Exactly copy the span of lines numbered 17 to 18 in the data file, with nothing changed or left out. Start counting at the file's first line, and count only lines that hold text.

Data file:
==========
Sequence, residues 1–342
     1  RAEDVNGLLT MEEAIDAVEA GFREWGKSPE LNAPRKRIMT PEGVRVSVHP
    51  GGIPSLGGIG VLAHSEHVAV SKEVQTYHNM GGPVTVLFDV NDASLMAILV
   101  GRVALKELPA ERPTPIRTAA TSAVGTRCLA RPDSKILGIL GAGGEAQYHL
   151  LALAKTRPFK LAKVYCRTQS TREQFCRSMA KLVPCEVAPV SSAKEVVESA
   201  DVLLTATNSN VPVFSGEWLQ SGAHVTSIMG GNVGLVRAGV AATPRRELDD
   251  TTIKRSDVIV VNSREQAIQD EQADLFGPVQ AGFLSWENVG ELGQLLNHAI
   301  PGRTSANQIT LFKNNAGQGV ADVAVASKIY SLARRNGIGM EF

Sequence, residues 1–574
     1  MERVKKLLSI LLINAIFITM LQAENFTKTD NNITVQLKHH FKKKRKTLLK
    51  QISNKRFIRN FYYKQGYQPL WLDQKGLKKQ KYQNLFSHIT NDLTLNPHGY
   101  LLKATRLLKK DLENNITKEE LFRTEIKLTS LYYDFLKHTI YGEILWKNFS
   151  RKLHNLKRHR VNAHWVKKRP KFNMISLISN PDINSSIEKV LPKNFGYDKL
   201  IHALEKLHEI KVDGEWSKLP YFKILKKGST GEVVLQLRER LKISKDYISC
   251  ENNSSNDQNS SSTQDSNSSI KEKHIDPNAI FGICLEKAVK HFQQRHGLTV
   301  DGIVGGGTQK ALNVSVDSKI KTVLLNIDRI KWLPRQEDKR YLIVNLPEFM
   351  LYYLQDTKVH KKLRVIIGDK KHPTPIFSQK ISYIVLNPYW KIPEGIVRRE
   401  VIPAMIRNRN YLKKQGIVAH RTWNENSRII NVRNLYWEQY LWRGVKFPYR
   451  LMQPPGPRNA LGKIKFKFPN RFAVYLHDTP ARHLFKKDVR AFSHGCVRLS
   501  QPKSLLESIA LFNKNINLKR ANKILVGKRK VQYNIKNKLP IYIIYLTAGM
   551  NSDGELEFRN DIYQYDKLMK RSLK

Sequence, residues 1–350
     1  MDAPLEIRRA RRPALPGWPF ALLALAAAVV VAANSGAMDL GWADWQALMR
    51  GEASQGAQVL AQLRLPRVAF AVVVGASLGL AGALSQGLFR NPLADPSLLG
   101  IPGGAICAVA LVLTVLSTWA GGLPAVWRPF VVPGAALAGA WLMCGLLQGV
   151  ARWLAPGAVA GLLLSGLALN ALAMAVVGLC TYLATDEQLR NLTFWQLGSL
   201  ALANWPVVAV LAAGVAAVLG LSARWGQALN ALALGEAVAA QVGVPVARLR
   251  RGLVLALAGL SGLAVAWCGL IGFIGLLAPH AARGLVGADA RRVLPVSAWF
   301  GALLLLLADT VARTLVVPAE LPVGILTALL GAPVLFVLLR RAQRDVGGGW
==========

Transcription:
   351  LYYLQDTKVH KKLRVIIGDK KHPTPIFSQK ISYIVLNPYW KIPEGIVRRE
   401  VIPAMIRNRN YLKKQGIVAH RTWNENSRII NVRNLYWEQY LWRGVKFPYR